confederate-union-prices

The Aesthetic Origins of Dictatorship and Democracy

On episode 18 of the Loopcast, Sina and his guest discuss fashion and national security. Around 23:00 comes the money quote: “There’s a lot of black hair dye involved being a dictator.” Here’s the logic:

[I]n a democracy, your hair turns grey very quickly in a four year term…. But in a dictatorship, the hair gets oddly darker: it just turns to an eerie shade of black…. [Dictators] want to remain relevant. They didn’t want to get old…. They didn’t want it to seem like they had been getting old and getting crushed by the responsibility of their job.

While a random sample of hair shades and a thorough hypothesis test is beyond the scope of this post, I’ll let the readers judge for themselves based on the photos below. Note that one source of bias may be that US presidents try to look young and vital for the election but let their hair go after that.

Democratic Leaders:

Bill Clinton, 1993 and 1999

Bill Clinton, 1993 and 1999

george-w-bush-2001-2008

George W. Bush, 2001 and 2008

barack-obama-2009-2011

Barack Obama, 2009 and 2011

(More US president before/after photos here.)

Dictators:

Hosni Mubarak in 2012: Imprisoned and hospitalized but not grey

Hosni Mubarak in 2012: Imprisoned and hospitalized but not grey

Muammar Qaddafi ruled Libya for 42 years

Muammar Qaddafi ruled Libya for 42 years

Hugo Chavez not letting grey get the best of him

Hugo Chavez kept grey at bay until the very end

Kurds and Statelessness

Kurdish peshmerga--literally "those who face death"--standing guard at Shenarwe Mountain

Kurdish peshmerga–literally “those who face death”–standing guard at Shenarwe Mountain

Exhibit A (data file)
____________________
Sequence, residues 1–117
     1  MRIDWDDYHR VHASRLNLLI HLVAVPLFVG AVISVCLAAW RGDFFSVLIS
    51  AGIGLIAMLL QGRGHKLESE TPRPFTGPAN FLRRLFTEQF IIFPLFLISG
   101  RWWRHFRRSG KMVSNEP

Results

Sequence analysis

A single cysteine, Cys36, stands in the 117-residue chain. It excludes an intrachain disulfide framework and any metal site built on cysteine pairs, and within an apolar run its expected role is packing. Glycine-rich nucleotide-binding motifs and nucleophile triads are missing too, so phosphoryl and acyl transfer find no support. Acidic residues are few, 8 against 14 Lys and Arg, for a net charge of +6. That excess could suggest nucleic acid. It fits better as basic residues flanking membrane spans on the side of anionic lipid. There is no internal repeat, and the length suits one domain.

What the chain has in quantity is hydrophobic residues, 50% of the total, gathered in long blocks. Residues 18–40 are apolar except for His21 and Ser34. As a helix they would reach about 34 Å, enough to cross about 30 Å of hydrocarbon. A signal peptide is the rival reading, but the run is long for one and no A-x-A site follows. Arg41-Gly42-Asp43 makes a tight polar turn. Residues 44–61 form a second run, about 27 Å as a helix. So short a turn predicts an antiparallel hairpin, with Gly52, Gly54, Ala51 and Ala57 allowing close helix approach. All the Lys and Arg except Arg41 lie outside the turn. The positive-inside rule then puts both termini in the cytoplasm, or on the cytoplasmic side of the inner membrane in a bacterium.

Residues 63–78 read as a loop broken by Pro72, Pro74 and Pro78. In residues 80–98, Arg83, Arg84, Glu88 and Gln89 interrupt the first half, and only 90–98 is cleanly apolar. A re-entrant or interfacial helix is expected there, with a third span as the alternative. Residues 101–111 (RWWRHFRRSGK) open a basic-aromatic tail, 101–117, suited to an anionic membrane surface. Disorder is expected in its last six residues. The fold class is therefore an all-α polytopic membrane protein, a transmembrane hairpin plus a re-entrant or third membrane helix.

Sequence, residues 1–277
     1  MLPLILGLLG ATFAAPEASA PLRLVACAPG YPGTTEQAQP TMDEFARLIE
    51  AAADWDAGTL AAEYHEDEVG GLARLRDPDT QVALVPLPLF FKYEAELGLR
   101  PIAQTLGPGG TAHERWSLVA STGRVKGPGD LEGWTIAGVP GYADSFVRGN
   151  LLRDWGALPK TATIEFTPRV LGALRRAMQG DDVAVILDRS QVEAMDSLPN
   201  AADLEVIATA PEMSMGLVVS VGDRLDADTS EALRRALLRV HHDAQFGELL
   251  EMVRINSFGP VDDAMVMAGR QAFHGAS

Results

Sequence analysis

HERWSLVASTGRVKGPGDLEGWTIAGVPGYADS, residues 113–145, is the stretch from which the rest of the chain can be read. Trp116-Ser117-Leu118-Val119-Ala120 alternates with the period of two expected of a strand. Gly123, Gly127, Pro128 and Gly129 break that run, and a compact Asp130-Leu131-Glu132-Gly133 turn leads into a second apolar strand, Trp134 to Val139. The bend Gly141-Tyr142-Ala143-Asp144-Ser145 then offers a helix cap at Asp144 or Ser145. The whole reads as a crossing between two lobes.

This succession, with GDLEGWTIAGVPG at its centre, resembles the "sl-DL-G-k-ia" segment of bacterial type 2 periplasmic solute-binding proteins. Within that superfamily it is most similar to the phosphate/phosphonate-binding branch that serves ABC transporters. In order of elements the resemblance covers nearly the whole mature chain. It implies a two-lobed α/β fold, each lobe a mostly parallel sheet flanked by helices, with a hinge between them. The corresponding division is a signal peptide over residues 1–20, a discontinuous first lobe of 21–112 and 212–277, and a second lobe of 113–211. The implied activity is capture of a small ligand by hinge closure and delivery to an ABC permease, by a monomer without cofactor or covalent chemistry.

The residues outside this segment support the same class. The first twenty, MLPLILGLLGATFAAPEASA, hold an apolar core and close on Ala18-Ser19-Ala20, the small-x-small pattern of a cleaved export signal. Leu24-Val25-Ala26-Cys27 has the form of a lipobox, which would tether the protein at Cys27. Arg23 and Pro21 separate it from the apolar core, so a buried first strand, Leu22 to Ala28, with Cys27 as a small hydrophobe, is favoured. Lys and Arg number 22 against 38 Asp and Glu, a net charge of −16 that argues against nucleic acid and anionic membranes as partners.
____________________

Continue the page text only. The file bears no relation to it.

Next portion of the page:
Last week one of my academic heroes, James C. Scott, came to Duke to give two talks. The first was a lunchtime discussion of his recent book, Two Cheers for Anarchism. The second was a lecture elaborating on The Art of Not Being Governed. We have discussed the argument of the latter book here before. To oversimplify quite a bit, Scott says that the upland peoples of Southeast Asia consciously evaded the intrusion of lowland governments into their lives.

Scott recognizes that his argument applies outside of Asia as well, but does not delve into specifics. My favorite example of this is the Kurdish people, who are located in the mountainous region of northern Iraq, southern Turkey, northeastern Syria, and northwestern Iran. As Scott would say, they are at the periphery of several states and the center of none. It is also an increasingly strategic region, and Kurds find themselves in a position to shape the balance of power:

After decades of persecution and genocide, the Kurds have found a way to operate in a neighborhood where clear-cut borders can often be more of a nuisance than a boon. Loosely promised a state by the 1920 Treaty of Sèvres, the Kurdish people have learned the hard way that maps don’t necessarily dictate facts on the ground, as any observer of Mideast history and politics can attest. “Though the Kurds are said to be the world’s largest stateless people,” writes Time contributor Pelin Turgut, “Kurdish leaders … say they are no longer interested in a single Kurdish state but in a loose federation that spans various national borders.” Rather than waiting for Mideast leaders or the international community to make a deal for a state, the Kurds seem to be playing a regional game of “Let’s Make A Deal.”

With the recent call for a ceasefire by PKK leader Abdullah Ocalan, Kurdish-Turkish relations appear to be improving. This is an important transition since until now Kurdish leaders have been closer to Baghdad than Ankara. Bashar al-Assad has recently increased Kurdish autonomy as he seeks their support in Syria’s civil war. To take an optimistic view, this stateless people may soon find themselves playing kingmaker in the region.

See also: The Kurdish Factor” by Matthieu Akins